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A Supply and Demand Balancing Act
 NO. 49 DECEMBER 3, 2015

President Xi Jinping stressed that China should reform and strengthen the structure of its supply front in order to increase the quality and efficiency of the supply system and provide a growth impetus for sustainable economic development, while speaking at the 11th meeting of the Central Leading Group for Financial and Economic Affairs on November 11. This lays new groundwork for the development of the 13th Five-Year Plan (2016-20) period.

Latest studies and discussions regarding the reform of the supply front have focused on a trend where management of the supply front will become the main economic focus, rather than the previous emphasis on demand.

The reform of the supply front indicates that there are problems on the supply side, which therefore demonstrates a natural shift in focus toward resolving those issues. However, the demand side is not yet perfect. Reforming the supply front does not mean that we can ignore the demand front. Instead, we should strike a balance between reforming both supply and demand sides.

Since the opening up and reform policies took hold in 1979, China has adopted a development strategy where the demand guides the supply and therefore the supply improves the demand conditions.

The logic behind this is that for a long time, there simply weren't enough supplies to meet both production and consumption demands.

As productivity was increasingly improved, the problem of short supply has been alleviated, and the issue has even disappeared in most sectors. In some areas the supply even exceeds demand, forming new problems. Especially after the 2008 global financial crisis, such imbalances have become increasingly serious.

So how did China handle the 1997 Asian financial crisis and even rescue the entire regional economy with an export-oriented development pattern?

This was due to the fact that at the time, the Chinese market was balanced and the demand for Chinese products at home and abroad was vibrant. Even though there were problems on the supply front, they were effectively covered up by the vigorous demand of the time.

However, problems regarding high production capacity, low efficiency, low quality and low benefits on the supply front have imposed too much requirements on the demand front.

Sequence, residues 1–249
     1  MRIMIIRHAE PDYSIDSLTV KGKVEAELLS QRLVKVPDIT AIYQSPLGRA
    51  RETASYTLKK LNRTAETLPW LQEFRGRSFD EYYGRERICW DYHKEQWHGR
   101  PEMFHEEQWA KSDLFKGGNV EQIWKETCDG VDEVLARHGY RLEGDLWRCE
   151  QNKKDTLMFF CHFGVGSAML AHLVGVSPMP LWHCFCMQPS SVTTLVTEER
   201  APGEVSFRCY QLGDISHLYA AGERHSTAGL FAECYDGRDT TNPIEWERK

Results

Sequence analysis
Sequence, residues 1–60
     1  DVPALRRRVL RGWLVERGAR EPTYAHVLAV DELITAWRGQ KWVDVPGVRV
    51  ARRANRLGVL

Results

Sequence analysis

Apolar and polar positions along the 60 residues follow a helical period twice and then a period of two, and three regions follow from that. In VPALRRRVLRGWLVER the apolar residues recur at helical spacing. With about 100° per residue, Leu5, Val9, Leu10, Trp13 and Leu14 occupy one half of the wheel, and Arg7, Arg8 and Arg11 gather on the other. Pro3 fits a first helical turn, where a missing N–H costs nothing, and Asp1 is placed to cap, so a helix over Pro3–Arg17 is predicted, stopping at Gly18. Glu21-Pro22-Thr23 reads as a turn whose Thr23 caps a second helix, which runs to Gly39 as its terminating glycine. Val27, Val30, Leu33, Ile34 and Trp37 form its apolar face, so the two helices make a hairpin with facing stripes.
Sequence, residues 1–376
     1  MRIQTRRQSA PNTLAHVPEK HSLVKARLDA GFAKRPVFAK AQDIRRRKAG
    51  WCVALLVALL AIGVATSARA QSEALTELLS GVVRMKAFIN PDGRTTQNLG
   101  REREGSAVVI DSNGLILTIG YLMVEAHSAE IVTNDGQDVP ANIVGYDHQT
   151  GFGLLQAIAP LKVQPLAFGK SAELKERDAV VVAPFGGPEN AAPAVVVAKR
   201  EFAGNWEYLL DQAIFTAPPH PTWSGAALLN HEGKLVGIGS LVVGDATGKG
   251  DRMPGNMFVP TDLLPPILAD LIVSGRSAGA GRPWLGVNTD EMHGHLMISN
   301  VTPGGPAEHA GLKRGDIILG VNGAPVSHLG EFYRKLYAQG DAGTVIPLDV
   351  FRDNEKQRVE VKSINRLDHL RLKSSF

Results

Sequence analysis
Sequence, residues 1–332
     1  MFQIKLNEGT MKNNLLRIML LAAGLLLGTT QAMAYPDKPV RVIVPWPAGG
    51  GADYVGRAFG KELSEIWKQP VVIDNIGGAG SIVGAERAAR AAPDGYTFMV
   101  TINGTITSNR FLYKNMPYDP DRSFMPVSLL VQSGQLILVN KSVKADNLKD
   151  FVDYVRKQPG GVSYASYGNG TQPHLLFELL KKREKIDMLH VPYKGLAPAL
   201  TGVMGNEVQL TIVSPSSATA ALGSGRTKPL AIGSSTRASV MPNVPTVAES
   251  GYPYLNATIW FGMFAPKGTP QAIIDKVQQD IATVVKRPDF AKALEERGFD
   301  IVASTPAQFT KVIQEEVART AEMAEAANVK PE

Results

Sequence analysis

Moreover, after continued growth, the demand front has also entered a bottleneck, being unable to digest the excessive stockpiles from the supply fronthence an increasing imbalance between the two forces.

Therefore, a reform of the supply front is necessary and conforms to the current conditions of the Chinese economy.

The focus of the reform should be to address the issues of excessive production capacity, structural imbalance, inadequate independent innovation capacity, low product quality and brand value, and a lack of core competitiveness.

As for the government, their tasks should focus on how to create a sound market environment, how to formulate good reform rules, and how to build a fair and just market order.

Based on these proposals, the government should give full play to the role of enterprises as major market players, making them act more in accordance with the market rules.

Should the government still use administrative methods to advance reforms, it may arouse conflicts of interests between the central and local governments, between different local governments and between local governments and companies. In particular, local authorities are likely to impede the implementation of various reform measures in order to protect their own interests.

Therefore, the success of the reform initiatives largely depends on whether the government can find a way to balance various interests and improve the industrial structure.

It is only when both the markets and the companies play a major role in the reform that it can achieve maximum efficiency.

By reforming the supply front, the Central Government aims at balancing demand and supply. Only enacting changes to the supply side is not enough.

The government must also make overall plans by taking all economic factors into consideration and coordinate between supply and demand.

In addition, the government should focus on improving distribution networks, removing various barriers and raising service levels, in order to achieve a state of equilibrium between supply and demand.

This is an edited excerpt of an article written by financial commentator Tan Haojun and published in Securities Times 

Copyedited by Bryan Michael Galvan

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